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Most economical way to Countersink Stainless steel plate

Tough material and a lot of holes

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John McNamara14/06/2015 06:33:32
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1309 forum posts
113 photos

Hi All

I have a job coming up that requires countersinking 6mm stainless steel plate for an M6 countersink high tensile machine screw.

The specifications for the screw detail a maximum head diameter of 12mm with a 45 degree countersink chamfer around the 6mm hole. because of the variation in heads the finished width may need to be about 13mm The material is Asian as supplied by the laser cutter. 304 grade... he is not sure of the hardness, well one thing I know is it is tough to work on! ....

I do know that the cross drilled type of countersink cannot cope with the material. a good quality Weldon tool lost its edge after a few holes. The trouble is I need to countersink around 800 holes. Clearly the right tool will need to be sourced. Some of the holes are in plate that is too big for my mill, so I will have to use an electric drill, maybe in a movable drill press jig that is sitting on the may come in handy shelf.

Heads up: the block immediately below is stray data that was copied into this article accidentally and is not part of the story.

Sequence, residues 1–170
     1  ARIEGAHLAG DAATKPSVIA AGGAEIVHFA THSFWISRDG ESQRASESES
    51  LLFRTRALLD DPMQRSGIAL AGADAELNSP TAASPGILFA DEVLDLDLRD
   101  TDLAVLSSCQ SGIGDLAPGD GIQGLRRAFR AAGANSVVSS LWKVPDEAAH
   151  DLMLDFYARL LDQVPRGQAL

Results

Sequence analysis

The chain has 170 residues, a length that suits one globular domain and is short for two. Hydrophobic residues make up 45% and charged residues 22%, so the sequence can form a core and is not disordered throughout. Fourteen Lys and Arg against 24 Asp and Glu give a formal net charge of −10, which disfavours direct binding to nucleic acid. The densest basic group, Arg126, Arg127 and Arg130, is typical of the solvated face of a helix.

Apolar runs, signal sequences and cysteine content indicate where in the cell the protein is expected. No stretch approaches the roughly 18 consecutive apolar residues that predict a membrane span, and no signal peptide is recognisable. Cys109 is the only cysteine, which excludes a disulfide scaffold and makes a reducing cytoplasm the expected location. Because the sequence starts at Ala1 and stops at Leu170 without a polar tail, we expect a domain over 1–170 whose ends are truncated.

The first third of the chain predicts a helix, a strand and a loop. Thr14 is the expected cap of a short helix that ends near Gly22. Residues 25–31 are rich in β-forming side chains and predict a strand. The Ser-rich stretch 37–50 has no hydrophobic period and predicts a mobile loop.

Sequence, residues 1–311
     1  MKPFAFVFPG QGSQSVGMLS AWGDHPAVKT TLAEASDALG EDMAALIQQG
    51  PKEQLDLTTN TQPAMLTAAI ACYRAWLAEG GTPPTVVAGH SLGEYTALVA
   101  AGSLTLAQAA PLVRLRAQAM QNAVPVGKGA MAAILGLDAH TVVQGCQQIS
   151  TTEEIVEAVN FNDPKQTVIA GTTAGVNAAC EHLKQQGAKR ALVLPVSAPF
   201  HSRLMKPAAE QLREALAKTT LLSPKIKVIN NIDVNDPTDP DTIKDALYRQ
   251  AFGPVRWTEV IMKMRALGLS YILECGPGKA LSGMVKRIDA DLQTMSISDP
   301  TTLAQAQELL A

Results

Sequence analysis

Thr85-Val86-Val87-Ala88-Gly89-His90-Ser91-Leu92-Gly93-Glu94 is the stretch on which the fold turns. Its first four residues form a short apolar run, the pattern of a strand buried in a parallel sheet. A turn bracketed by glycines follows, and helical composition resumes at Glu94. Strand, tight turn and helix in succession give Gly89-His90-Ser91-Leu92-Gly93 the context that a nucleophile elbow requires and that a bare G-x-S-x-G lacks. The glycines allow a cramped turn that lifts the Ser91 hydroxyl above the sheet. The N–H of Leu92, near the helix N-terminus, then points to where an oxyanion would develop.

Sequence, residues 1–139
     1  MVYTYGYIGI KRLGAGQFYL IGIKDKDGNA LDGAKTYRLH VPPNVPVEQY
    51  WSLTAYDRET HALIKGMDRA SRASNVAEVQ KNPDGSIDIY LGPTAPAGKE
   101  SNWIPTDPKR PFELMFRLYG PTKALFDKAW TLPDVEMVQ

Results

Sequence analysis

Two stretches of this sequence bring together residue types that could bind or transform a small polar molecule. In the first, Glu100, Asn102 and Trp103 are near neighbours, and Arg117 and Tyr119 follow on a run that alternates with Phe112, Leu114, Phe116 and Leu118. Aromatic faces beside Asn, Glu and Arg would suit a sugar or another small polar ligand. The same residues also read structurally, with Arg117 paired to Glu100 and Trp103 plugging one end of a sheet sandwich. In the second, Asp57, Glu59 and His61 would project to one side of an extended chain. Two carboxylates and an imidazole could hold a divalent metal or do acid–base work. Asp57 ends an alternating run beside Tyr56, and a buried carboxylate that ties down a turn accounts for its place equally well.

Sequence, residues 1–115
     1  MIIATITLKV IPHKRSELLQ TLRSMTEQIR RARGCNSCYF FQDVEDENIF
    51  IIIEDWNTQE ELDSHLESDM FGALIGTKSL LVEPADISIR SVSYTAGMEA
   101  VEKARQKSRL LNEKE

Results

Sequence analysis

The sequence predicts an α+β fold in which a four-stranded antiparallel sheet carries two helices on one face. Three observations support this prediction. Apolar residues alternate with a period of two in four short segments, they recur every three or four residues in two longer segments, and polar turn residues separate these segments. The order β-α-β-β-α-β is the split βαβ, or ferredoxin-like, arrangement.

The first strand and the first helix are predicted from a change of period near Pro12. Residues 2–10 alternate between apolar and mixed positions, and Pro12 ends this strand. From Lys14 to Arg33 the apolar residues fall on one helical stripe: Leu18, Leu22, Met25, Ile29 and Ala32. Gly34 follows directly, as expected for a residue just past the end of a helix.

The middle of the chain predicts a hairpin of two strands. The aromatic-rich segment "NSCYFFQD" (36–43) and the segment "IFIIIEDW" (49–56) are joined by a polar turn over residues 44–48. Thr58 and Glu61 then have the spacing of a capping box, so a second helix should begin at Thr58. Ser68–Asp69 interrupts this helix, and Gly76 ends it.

Does anyone have a favoured tool for this type of job. Carbide will last longer but may chip when being hand driven? or HSS easier to sharpen?

Regards
John


John Gregson 114/06/2015 08:11:37
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9 forum posts

John

Countersink with three cutting edges slow speed 125 to 250 and slow feed if you have, plenty of cutting fluid . Try liquid soap and oil this as worked for me

john

MalcB14/06/2015 09:23:45
251 forum posts
29 photos

For HSS 3 flute, the Dormer as as good as it gets but pricey. You may want to try CNCpoorboys which are cheaper with good service. As per John, slower spindle speed with relatively slow feed but not too low it burnishes the cutting edge. It's unfortunate that there isn't really such and economical way with stainless when doing larger batch quantities by hand or by conventional machining.

john carruthers14/06/2015 09:31:36
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595 forum posts
172 photos

I ground a TCT masonry drill to 90 deg and use it dead slow, so far so good. I have used it in a hand brace but obviously wouldn't recomend that for hundreds of holes.

Michael Cox 114/06/2015 10:00:40
515 forum posts
27 photos

Just a thought but you could try a 90 degree carbide router bit.

Mike

Michael Gilligan14/06/2015 12:14:01
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13983 forum posts
606 photos

John,

For 800 holes; these indexable countersinks may work out to be cost-effective.

'Dmin' is shown as 0.25"

MichaelG.

Edited By Michael Gilligan on 14/06/2015 12:16:25

Ady114/06/2015 12:21:08
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3463 forum posts
513 photos

Masonry type drill with a manually ground tip

Slow speed(back gear best), high cutting pressure